This post is about a number of things (they are not routine) that I got involved in of late. Let me tell beforehand what they are so that you may decide whether you want to continue reading the post or not. I attended a traditional cum western wedding in China. I have recently rented an imported second hand Piano (80’s Piano of Apollo) from Europe. We faced a Typhoon while I was in Taipei and when I came back to Guangzhou, there was another typhoon here.

With the above agenda in mind, let me write about the many unique elements of the wedding. The auspicious time of any wedding here is set to 4:30 in the morning. That means, the bride, groom and the immediate family members have a sleepless night on the day of the wedding. The groom starts from his home at around 2AM (which means he gets ready around midnight) while the bride and bridesmaids also try to look their best and wait. The groom arrives with his close family and friends and he is required to prove himself worthy of the bride! He is tested by bridesmaids and her family members on different parameters – health, wealth, education and talent after which he is allowed to meet his partner (who has already been given information about how they have tormented her would-be husband).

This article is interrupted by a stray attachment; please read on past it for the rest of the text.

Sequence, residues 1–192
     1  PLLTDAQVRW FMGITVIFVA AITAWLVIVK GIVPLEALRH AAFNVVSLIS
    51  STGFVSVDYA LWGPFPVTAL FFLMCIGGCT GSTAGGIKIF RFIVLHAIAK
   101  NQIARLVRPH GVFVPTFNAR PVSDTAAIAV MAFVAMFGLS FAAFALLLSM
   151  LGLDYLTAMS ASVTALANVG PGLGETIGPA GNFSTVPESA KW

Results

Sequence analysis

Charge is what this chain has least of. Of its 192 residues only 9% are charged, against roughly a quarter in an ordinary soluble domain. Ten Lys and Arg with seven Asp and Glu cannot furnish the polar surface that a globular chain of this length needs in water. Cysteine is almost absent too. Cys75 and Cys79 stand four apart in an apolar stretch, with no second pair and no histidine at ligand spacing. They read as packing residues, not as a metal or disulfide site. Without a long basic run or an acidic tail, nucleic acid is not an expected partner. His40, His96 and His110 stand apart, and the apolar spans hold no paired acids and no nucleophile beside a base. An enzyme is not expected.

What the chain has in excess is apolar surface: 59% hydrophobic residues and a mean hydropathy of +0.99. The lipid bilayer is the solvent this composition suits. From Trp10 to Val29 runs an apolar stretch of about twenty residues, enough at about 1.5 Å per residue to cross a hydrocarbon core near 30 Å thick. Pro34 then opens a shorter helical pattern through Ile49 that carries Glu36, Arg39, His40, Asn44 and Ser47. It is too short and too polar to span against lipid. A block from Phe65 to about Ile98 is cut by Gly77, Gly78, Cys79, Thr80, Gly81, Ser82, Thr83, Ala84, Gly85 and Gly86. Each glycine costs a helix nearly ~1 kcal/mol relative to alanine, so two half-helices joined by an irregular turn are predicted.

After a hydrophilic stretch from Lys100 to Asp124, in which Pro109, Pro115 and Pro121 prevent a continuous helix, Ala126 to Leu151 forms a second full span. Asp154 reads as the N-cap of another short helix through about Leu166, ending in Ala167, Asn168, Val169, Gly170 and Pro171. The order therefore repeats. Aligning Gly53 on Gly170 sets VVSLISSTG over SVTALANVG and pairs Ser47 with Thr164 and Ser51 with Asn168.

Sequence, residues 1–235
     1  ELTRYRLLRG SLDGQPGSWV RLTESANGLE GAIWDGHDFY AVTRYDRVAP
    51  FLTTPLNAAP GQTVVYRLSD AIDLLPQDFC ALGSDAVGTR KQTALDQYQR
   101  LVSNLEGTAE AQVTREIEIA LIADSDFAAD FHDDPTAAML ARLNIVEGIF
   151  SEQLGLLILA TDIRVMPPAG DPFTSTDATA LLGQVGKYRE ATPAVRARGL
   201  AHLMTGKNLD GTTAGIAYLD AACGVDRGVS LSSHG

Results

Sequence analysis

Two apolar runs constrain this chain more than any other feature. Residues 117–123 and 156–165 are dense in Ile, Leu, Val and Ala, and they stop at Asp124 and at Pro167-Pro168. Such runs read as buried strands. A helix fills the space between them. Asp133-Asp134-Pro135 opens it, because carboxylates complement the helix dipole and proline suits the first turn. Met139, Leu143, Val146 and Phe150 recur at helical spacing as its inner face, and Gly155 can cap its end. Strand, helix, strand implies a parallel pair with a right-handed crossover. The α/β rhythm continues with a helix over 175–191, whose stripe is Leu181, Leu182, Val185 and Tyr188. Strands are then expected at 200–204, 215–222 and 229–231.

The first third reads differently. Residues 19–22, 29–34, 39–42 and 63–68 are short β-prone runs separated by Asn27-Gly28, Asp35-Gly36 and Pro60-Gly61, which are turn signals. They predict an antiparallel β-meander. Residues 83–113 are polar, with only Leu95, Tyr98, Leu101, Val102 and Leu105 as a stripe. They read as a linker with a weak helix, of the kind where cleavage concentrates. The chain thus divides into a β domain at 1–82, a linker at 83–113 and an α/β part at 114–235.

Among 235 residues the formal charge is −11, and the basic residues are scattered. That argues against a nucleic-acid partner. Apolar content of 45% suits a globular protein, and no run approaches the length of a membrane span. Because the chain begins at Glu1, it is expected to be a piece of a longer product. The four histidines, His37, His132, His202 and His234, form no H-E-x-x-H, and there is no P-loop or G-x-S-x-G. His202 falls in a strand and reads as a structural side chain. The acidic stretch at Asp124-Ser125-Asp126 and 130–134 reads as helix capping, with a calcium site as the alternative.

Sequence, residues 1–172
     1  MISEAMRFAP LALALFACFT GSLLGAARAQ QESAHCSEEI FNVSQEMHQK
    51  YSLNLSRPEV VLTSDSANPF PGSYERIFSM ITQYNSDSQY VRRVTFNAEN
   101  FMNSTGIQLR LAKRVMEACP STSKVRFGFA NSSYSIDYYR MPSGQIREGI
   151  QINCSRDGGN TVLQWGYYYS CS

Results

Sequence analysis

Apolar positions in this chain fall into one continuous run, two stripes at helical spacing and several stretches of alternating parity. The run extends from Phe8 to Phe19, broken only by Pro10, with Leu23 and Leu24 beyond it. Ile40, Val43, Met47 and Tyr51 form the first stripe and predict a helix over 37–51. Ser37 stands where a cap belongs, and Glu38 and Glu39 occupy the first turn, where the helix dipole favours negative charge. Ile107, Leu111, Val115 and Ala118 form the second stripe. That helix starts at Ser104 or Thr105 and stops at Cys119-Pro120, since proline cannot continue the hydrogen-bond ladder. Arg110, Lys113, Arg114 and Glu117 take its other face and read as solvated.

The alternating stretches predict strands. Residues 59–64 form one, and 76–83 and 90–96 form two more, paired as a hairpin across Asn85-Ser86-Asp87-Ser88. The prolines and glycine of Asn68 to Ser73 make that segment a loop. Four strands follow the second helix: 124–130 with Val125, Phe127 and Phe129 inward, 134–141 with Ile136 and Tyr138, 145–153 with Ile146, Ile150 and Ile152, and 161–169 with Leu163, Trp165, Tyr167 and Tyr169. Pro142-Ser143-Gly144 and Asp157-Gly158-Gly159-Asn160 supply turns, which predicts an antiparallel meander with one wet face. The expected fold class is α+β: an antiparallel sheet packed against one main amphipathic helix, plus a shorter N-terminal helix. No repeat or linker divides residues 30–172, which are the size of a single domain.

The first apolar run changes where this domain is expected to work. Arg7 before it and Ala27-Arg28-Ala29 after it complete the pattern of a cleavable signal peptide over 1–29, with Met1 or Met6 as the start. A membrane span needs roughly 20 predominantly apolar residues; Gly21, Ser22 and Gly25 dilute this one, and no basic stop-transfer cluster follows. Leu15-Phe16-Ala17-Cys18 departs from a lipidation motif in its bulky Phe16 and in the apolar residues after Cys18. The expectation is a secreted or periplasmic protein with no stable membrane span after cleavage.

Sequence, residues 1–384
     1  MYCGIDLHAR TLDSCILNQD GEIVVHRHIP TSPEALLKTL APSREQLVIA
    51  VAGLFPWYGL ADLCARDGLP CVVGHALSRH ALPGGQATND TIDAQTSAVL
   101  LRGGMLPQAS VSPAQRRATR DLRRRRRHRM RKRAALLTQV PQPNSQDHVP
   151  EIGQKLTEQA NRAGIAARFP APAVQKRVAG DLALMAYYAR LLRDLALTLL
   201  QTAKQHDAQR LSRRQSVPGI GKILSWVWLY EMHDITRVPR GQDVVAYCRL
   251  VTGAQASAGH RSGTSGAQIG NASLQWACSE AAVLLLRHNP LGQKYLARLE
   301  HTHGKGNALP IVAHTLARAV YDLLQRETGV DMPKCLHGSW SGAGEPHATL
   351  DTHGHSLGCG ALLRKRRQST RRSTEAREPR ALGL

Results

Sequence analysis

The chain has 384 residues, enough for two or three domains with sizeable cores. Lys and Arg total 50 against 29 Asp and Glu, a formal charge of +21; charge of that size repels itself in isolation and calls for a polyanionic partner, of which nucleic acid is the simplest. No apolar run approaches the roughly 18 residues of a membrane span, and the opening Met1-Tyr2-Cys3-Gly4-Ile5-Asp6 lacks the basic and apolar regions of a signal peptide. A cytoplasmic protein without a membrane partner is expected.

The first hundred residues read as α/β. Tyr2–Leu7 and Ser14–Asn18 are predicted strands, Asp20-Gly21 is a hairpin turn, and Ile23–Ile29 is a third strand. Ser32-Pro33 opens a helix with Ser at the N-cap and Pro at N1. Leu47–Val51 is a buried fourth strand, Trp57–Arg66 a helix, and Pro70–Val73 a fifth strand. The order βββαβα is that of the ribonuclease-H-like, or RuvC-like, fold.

A bridesmaid sitting on the Groom's back

A few rituals take place at the auspicious time and the bride wears golden jewelry of specific kinds. The cutest among them is a necklace of Pig with a lot of piglets. This necklace is a wishful reminder of the fact that the marriage should lead to many beautiful children.